country has attached the expert to the court and has eliminated the
expert retained by the plaintiff or the defendant. But this general
practical question as to the position of the psychologist in the
courtroom and as to the need of a psychological laboratory in
connection with the courts would lead us too far aside.



The effects which we have studied so far were produced by inanimate
objects, posters or displays, advertisements or labels and packings.
The economic psychotechnics of the future will surely study with
similar methods the effects of the living commercial agencies.
Experiments will trace the exact effects which the salesman or
customer may produce. But here not even a modest beginning can be
discovered, and it would be difficult to mention a single example of
experimental research. The desired psychological influences of the
salesman are not quite dissimilar to those of the printed means of
propaganda. Here, too, it is essential to turn the attention of the
customer to different points, to awaken a vivid favorable impression,
to emphasize the advantages of the goods, to throw full light on them,
and finally to influence the will-decision either by convincing
arguments or by persuasion and suggestion. In either case the point is
to enhance the impulse to buy and to suppress the opposing ideas. Yet
every one of these factors, when it starts from a man and not from a
thing or paper, changes its form. The influence becomes narrower, it
is directed toward a smaller number of persons; but, on the other
hand, it gains just by the new possibility of individualization. The
salesman in the store or the commercial traveler adjusts himself to
the wishes, reactions, and replies of the buyer. Above all, when it
becomes necessary to direct the attention to the decisive points, the
personal agent has the possibility of developing the whole process
through a series of stages so that the attention slowly becomes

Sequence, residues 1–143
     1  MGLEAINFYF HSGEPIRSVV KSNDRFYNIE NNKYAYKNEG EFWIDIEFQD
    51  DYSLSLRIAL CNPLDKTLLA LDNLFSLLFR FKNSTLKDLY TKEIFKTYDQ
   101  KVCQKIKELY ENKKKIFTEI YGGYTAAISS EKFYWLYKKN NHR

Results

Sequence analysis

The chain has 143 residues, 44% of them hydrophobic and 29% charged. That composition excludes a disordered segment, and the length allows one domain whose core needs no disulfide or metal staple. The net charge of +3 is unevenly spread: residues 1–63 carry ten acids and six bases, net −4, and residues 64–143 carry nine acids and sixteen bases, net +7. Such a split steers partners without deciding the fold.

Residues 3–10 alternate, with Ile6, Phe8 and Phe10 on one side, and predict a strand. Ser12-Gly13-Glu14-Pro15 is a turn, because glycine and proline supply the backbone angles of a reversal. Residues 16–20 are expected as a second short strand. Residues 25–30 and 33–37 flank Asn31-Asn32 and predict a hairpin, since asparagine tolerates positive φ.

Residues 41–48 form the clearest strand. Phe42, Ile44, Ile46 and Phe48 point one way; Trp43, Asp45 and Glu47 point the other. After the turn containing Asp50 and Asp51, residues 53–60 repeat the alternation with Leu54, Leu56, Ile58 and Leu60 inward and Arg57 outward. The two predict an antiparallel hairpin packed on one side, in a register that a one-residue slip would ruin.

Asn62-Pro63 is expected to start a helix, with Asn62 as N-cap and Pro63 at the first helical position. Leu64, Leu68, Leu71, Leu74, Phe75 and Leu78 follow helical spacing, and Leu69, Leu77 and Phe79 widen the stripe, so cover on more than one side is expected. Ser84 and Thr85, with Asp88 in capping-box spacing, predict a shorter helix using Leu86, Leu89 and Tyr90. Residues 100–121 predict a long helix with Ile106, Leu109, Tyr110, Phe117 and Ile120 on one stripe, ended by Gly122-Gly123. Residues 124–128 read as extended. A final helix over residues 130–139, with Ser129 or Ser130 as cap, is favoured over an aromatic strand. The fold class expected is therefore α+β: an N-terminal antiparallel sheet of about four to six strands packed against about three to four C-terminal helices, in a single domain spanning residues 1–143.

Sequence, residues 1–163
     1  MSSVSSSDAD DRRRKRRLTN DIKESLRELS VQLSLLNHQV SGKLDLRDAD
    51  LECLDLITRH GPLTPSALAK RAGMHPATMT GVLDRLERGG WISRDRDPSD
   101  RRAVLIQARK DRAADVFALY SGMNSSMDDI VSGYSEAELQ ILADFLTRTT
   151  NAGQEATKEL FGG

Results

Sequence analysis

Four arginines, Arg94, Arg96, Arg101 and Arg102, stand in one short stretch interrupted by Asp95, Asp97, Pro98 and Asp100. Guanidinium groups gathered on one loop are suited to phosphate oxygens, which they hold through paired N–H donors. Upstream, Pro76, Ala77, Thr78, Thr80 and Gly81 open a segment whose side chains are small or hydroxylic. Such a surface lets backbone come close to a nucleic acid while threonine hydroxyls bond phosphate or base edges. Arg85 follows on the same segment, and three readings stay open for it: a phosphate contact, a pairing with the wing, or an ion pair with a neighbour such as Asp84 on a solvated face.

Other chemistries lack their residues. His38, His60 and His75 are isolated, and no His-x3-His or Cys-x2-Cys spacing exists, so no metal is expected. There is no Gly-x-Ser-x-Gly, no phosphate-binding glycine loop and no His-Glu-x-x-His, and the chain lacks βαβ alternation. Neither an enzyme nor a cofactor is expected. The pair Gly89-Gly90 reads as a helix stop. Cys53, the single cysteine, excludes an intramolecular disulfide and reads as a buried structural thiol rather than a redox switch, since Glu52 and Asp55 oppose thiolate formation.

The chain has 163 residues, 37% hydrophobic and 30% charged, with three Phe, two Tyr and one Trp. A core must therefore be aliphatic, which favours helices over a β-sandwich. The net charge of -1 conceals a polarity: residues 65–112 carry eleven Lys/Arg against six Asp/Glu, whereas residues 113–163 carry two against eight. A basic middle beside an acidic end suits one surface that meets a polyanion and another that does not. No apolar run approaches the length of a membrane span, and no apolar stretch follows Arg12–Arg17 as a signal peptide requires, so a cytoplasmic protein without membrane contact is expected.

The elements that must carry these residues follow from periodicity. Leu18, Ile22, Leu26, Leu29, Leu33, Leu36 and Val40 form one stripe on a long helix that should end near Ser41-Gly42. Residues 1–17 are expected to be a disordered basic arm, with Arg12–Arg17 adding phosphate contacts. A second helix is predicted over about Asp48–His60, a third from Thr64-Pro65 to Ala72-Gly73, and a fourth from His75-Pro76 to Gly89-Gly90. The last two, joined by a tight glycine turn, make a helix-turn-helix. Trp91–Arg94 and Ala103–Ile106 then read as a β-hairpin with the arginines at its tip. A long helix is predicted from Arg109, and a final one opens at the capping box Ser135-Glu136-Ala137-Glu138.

focused on one definite point. The salesman observes at first only the
general limits of the interest of the customer as far as it is
indicated by his reactions, but slowly he can find out in this whole
field the region of strongest desires. As soon as he has discovered
this narrower region in which the prospects of success seem to be
greatest, he can systematically eliminate everything which distracts
and scatters the attention. He can discover whether the psyche of the
individual with whom he is dealing can be influenced more strongly by
logical arguments or by suggestion, and how far he may calculate on
the pleasure instincts, on the excitement of emotions, on the impulse
to imitate, on the natural vanity, on the desire for saving, and on
the longing for luxury. In every one of these directions the whole
play of human suggestion may be helpful. The voice may win or destroy
confidence, the statement may by its firmness overcome counter-motives
or by its uncertainty reinforce them. Even hand or arm movements by
their motor suggestion may focus the desires of the customers, while
unskillful, erratic movements may scatter the attention and lead to an
inner oscillation of the will to buy.

At every one of these points the psychological experiment may find a
foothold, and only through such methodological study can the haphazard
proceedings of the commercial world be transformed into really
economic schemes. Indeed, it seems nothing but chance that just this
field is controlled by chance alone. The enormous social interplay of
energies which are discharged in the selling and buying of the
millions becomes utterly planless as soon as salesman and customer
come into contact, and this tremendous waste of energy cannot appear
desirable for any possible interest of civilization. The time alone
which is wasted by useless psychophysical operations in front of and
behind the counter represents a gigantic part of the national budget.
Even the complaints about the long working day of the salesgirls might
be eliminated from the debit account of the national ledger, if the
commercial companies could study the psychical processes in selling